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      Download the Game Design and Indie Game Marketing Freebook   07/19/17

      GameDev.net and CRC Press have teamed up to bring a free ebook of content curated from top titles published by CRC Press. The freebook, Practices of Game Design & Indie Game Marketing, includes chapters from The Art of Game Design: A Book of Lenses, A Practical Guide to Indie Game Marketing, and An Architectural Approach to Level Design. The GameDev.net FreeBook is relevant to game designers, developers, and those interested in learning more about the challenges in game development. We know game development can be a tough discipline and business, so we picked several chapters from CRC Press titles that we thought would be of interest to you, the GameDev.net audience, in your journey to design, develop, and market your next game. The free ebook is available through CRC Press by clicking here. The Curated Books The Art of Game Design: A Book of Lenses, Second Edition, by Jesse Schell Presents 100+ sets of questions, or different lenses, for viewing a game’s design, encompassing diverse fields such as psychology, architecture, music, film, software engineering, theme park design, mathematics, anthropology, and more. Written by one of the world's top game designers, this book describes the deepest and most fundamental principles of game design, demonstrating how tactics used in board, card, and athletic games also work in video games. It provides practical instruction on creating world-class games that will be played again and again. View it here. A Practical Guide to Indie Game Marketing, by Joel Dreskin Marketing is an essential but too frequently overlooked or minimized component of the release plan for indie games. A Practical Guide to Indie Game Marketing provides you with the tools needed to build visibility and sell your indie games. With special focus on those developers with small budgets and limited staff and resources, this book is packed with tangible recommendations and techniques that you can put to use immediately. As a seasoned professional of the indie game arena, author Joel Dreskin gives you insight into practical, real-world experiences of marketing numerous successful games and also provides stories of the failures. View it here. An Architectural Approach to Level Design This is one of the first books to integrate architectural and spatial design theory with the field of level design. The book presents architectural techniques and theories for level designers to use in their own work. It connects architecture and level design in different ways that address the practical elements of how designers construct space and the experiential elements of how and why humans interact with this space. Throughout the text, readers learn skills for spatial layout, evoking emotion through gamespaces, and creating better levels through architectural theory. View it here. Learn more and download the ebook by clicking here. Did you know? GameDev.net and CRC Press also recently teamed up to bring GDNet+ Members up to a 20% discount on all CRC Press books. Learn more about this and other benefits here.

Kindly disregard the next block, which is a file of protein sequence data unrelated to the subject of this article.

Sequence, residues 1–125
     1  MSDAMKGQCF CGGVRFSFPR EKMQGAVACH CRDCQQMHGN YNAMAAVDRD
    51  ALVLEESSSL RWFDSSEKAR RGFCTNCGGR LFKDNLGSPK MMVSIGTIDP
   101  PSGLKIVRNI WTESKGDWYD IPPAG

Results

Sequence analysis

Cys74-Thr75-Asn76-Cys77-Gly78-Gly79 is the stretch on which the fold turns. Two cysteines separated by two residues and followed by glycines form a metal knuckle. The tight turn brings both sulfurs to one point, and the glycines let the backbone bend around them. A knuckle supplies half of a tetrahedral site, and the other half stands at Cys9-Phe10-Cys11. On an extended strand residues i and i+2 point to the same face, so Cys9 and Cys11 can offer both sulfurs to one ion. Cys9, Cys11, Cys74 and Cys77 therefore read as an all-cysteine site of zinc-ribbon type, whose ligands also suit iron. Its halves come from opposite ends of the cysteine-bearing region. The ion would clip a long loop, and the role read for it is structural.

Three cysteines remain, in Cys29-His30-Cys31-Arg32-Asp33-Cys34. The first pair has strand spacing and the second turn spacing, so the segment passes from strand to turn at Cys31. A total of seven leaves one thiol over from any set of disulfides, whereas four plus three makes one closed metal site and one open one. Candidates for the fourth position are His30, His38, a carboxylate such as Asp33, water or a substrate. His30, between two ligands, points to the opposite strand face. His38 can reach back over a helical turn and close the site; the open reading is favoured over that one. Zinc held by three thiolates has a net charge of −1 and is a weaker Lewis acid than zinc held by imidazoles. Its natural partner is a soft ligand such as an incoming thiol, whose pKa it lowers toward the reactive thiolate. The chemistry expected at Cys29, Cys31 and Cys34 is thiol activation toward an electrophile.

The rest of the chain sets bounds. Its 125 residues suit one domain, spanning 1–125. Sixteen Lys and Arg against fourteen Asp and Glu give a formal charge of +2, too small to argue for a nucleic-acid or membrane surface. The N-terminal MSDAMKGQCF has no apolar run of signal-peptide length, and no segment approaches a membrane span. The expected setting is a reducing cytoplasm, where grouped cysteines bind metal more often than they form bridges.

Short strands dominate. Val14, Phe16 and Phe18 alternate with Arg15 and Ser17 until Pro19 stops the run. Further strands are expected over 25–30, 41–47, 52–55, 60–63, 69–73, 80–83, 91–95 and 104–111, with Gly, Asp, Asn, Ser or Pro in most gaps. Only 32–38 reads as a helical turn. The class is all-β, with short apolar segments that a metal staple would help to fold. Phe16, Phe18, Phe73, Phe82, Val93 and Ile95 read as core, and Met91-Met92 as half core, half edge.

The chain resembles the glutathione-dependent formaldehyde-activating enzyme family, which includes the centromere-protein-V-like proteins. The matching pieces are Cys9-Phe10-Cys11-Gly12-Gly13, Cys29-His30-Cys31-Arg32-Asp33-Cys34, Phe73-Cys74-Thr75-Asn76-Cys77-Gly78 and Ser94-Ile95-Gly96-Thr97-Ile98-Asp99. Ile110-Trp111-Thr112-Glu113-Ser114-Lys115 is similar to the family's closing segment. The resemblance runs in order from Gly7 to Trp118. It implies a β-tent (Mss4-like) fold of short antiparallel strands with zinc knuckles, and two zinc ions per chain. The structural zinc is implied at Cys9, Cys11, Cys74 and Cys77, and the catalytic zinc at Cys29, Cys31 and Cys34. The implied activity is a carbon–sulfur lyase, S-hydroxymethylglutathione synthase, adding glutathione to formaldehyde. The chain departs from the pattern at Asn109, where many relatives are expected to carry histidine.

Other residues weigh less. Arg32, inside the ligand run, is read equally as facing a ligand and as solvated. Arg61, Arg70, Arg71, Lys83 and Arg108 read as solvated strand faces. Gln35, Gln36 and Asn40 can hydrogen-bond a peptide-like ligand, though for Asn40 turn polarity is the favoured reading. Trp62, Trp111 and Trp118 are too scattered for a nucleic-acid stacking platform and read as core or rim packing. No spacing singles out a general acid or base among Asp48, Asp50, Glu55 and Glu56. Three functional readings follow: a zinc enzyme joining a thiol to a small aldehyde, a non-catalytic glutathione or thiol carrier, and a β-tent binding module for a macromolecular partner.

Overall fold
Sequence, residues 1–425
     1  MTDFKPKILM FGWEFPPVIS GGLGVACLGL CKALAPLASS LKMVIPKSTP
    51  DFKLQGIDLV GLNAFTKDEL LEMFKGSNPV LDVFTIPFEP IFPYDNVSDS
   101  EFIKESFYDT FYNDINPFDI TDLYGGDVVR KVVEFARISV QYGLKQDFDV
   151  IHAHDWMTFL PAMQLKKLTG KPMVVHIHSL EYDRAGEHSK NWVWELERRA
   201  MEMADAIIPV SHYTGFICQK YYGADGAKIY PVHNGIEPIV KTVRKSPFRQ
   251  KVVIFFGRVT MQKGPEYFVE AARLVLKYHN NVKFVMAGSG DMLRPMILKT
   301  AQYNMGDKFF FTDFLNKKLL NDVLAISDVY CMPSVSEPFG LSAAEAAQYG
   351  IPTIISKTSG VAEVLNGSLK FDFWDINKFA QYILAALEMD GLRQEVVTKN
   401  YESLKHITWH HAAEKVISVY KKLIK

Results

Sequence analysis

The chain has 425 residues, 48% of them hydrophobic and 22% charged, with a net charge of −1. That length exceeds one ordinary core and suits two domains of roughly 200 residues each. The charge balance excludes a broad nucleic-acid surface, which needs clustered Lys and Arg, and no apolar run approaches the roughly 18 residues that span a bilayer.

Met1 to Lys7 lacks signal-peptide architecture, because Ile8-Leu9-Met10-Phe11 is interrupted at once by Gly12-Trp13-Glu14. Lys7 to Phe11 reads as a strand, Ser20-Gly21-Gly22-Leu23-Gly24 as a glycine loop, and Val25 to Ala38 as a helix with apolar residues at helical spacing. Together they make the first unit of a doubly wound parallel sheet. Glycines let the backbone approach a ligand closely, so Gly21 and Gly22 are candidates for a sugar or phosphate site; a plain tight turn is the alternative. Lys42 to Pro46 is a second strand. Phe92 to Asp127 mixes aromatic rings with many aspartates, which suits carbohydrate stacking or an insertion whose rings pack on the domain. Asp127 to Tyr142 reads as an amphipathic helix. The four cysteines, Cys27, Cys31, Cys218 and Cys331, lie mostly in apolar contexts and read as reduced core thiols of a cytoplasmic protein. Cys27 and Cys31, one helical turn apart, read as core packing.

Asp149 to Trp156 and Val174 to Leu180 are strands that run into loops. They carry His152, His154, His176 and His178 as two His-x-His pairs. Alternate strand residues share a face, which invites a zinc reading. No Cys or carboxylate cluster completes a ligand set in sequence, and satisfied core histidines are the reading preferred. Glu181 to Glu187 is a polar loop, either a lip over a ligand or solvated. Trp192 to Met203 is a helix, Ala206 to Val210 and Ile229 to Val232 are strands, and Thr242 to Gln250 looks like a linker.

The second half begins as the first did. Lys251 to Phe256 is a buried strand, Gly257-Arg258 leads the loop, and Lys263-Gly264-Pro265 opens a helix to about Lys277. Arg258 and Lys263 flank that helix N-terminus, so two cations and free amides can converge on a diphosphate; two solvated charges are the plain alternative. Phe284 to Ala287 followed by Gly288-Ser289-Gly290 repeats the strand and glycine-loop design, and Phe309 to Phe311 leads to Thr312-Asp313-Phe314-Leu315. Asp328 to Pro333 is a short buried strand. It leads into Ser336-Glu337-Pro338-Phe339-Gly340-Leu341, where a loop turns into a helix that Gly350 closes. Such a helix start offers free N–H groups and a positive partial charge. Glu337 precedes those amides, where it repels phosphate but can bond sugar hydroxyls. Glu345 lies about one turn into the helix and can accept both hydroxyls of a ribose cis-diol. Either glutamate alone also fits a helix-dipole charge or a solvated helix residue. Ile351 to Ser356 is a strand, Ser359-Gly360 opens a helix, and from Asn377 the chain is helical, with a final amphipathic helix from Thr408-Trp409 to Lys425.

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About Pygmyowl

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  1. Pretty much what the title says. I want to implement something similar to what is used in Terraria: textured tile-based (by which I mean comprised of physical blocks - just in case) modifiable terrain (in 2D, side view). Except with a lot more tiles to draw (I intend to use variable zoom; my current hopes are to draw about 150,000 tiles at the camera's furthest, but I'd still need 4x4 textures for when the camera is up close). What would be the fastest way to draw this? Or maybe I'm way in the dream land here?   On a somewhat related note, I'm currently using textured quads to draw objects, because I've read that ID3DXSPRITE is deprecated, not as flexible, and so on. Is this true?